Commentary: We won! So, what’s next for House Democrats?
By Raja Krishnamoorthi
Voters across the United States made a collective decision Tuesday to put Democrats in charge of the U.S. House of Representatives. This is the first time since 2010 that Democrats have been entrusted with a House majority.
The question now is what Democrats should do with this new responsibility.
What we should not do is to react like Senate Republican leader Mitch McConnell did on the cusp of the Republican wave of 2010. McConnell famously announced that his top priority was to ensure President Barack Obama’s failure. As a party, and for our country, Democrats must do better than that.
The Republican Party remains in control of both the U.S. Senate and the White House for the next two years. This means that in order to deliver on our promises, Democrats can and should find potential areas of agreement with our Republican colleagues and President Donald Trump.
When they had total control of the federal government during the past two years, Republicans focused on a highly partisan agenda of repealing the Affordable Care Act and passing a huge tax cut whose benefits flowed overwhelmingly to special interests and the very wealthy. Congressional Republicans did not seek nor obtain Democratic votes for either of these measures because they didn’t need the votes. (Nevertheless, repeal of Obamacare did fail due to opposition from a handful of Republican senators, including the late John McCain.)
Contrast this with last year’s bipartisan effort to rewrite the federal law governing skills-based education, also known as career and technical education, which had not been revised since 2006. The bill, which I introduced with my Republican colleague G.T. Thompson of Pennsylvania, passed both houses of Congress unanimously and was signed into law by the president in a bipartisan ceremony. This means millions of Americans who don’t a attend four-year college will still have the chance to obtain the skills and knowledge to build a prosperous career and live a middle-class life.
There are several areas where similar bipartisan cooperation is possible over the next two years. High atop that list is rebuilding our nation’s crumbling infrastructure. President Trump campaigned on that issue in 2016, but he largely abandoned it in pursuit of a more partisan agenda. The new House Democratic majority should encourage the president to revisit it. A long-overdue investment in our roads, bridges, airports and other capital needs would produce millions of jobs while strengthening our national economy for the long term.
A second area for cooperation is improving our health care system. With a Democratic majority in the House, future Republican efforts to repeal Obamacare are doomed to failure. The new Congress should turn instead to reducing health care costs and protecting access for more Americans. One potential pursuit is bringing down the high cost of prescription drugs. President Trump has identified this as a personal priority. Perhaps this could be combined with an effort to strengthen health care in areas that have been plagued by multiple hospital closings in recent years.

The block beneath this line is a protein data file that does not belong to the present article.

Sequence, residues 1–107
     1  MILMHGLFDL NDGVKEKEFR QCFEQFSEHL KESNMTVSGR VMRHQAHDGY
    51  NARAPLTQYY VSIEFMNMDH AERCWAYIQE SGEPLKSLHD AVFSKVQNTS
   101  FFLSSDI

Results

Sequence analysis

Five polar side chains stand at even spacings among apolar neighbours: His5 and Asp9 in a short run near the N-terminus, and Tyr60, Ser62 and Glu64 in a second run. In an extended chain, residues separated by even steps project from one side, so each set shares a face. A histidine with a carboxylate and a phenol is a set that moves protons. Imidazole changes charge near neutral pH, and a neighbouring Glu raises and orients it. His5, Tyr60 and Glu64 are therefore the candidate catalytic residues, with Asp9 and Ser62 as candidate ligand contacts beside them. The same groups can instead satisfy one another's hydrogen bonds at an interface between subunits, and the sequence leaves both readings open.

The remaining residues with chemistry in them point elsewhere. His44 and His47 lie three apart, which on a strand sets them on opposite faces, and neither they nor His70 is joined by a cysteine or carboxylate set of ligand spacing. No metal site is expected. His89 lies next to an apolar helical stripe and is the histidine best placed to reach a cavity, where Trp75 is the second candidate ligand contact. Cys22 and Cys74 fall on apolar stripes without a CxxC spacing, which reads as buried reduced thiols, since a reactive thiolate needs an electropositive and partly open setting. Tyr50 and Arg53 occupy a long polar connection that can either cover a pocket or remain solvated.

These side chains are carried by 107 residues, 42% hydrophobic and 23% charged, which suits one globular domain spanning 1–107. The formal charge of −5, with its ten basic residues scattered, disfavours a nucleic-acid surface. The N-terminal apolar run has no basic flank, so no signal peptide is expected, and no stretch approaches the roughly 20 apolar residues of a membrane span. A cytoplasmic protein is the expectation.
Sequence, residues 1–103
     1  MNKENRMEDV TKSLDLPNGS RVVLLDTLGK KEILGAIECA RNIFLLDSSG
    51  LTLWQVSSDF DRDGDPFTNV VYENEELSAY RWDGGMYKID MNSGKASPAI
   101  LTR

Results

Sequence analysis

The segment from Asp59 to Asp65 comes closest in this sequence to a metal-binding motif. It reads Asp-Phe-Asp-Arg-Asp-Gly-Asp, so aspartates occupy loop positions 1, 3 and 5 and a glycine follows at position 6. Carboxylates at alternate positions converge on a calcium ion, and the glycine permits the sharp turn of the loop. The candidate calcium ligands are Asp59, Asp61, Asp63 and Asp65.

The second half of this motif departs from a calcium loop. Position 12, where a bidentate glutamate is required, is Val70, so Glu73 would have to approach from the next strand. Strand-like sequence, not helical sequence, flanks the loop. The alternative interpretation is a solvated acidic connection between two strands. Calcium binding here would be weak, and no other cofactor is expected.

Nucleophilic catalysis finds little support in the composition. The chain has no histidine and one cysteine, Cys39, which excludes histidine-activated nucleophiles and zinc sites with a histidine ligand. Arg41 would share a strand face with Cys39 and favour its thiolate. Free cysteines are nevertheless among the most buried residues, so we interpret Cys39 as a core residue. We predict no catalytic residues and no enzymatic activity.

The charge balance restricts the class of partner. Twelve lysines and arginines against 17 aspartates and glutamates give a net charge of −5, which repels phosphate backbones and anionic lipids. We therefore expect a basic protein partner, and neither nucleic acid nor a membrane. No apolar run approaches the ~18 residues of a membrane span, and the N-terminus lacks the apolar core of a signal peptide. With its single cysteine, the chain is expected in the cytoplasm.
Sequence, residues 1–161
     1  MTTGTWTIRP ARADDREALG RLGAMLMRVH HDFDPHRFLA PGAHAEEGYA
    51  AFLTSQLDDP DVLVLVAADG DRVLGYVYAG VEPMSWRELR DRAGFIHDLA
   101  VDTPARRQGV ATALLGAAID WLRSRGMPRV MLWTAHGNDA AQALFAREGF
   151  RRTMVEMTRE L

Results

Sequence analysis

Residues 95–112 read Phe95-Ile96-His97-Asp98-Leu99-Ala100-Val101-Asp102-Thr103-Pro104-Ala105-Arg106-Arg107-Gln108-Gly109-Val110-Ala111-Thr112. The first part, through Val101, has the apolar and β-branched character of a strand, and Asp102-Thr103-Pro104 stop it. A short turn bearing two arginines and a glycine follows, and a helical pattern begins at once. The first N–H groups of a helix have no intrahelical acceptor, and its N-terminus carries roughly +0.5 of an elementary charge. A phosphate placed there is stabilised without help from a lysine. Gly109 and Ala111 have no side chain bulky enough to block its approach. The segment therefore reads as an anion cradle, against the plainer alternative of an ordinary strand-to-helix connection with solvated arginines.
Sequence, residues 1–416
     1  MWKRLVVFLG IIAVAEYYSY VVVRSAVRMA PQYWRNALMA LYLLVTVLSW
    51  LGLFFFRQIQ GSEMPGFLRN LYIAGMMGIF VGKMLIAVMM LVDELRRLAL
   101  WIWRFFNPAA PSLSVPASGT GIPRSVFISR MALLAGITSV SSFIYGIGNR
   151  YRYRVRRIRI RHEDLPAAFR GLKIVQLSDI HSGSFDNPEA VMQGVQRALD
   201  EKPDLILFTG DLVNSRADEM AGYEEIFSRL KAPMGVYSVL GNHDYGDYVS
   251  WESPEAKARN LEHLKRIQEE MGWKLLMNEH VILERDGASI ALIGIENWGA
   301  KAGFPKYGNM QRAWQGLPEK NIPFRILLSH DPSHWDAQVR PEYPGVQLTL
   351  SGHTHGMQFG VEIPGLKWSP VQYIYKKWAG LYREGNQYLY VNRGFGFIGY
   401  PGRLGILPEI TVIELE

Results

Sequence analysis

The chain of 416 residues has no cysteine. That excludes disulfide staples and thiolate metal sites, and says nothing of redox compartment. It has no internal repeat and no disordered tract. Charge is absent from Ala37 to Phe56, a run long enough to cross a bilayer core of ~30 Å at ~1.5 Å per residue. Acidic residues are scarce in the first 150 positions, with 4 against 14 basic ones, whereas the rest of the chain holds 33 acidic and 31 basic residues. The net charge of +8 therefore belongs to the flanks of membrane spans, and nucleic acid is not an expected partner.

While we look for opportunities for bipartisan cooperation, the newly Democratic House must be willing to do its duty under the Constitution — even in the face of President Trump and Republican opposition. As a member of the House Oversight and Government Reform Committee for the past two years, I have been frustrated with the House GOP’s refusal to perform the constitutional role of Congress as a check and balance on the executive branch. From the downgraded top-secret security clearance of Jared Kushner, President Donald Trump’s son-in-law and White House adviser, to ethical lapses in various executive agencies, evidence of potential corruption and self-dealing needs to be explored. Perhaps, in the new world of a split Congress, some Republican colleagues will join in a serious and responsible effort at oversight.
Let me be clear: I believe an immediate move by the new House to impeach the president would be a mistake. We should allow special counsel Robert Mueller to complete his investigation and review the results and recommendations to determine appropriate action. One thing the new, Democrat-led House should do from day one is to protect that investigation and end the highly partisan efforts to undermine or discredit it.
While we await the conclusion of the Mueller investigation, the business of the country must go forward. This week’s election results provide the opportunity for a Washington reset. If President Trump is the deal-maker he claims to be, now is the time to look for those areas where we can find agreement. Let’s demonstrate that Washington can put partisanship aside and deliver some wins for Americans.
Raja Krishnamoorthi, D-Schaumburg, represents the 8th Congressional District of Illinois, which includes Chicago’s west and northwest suburbs. He was re-elected to a second term Tuesday.
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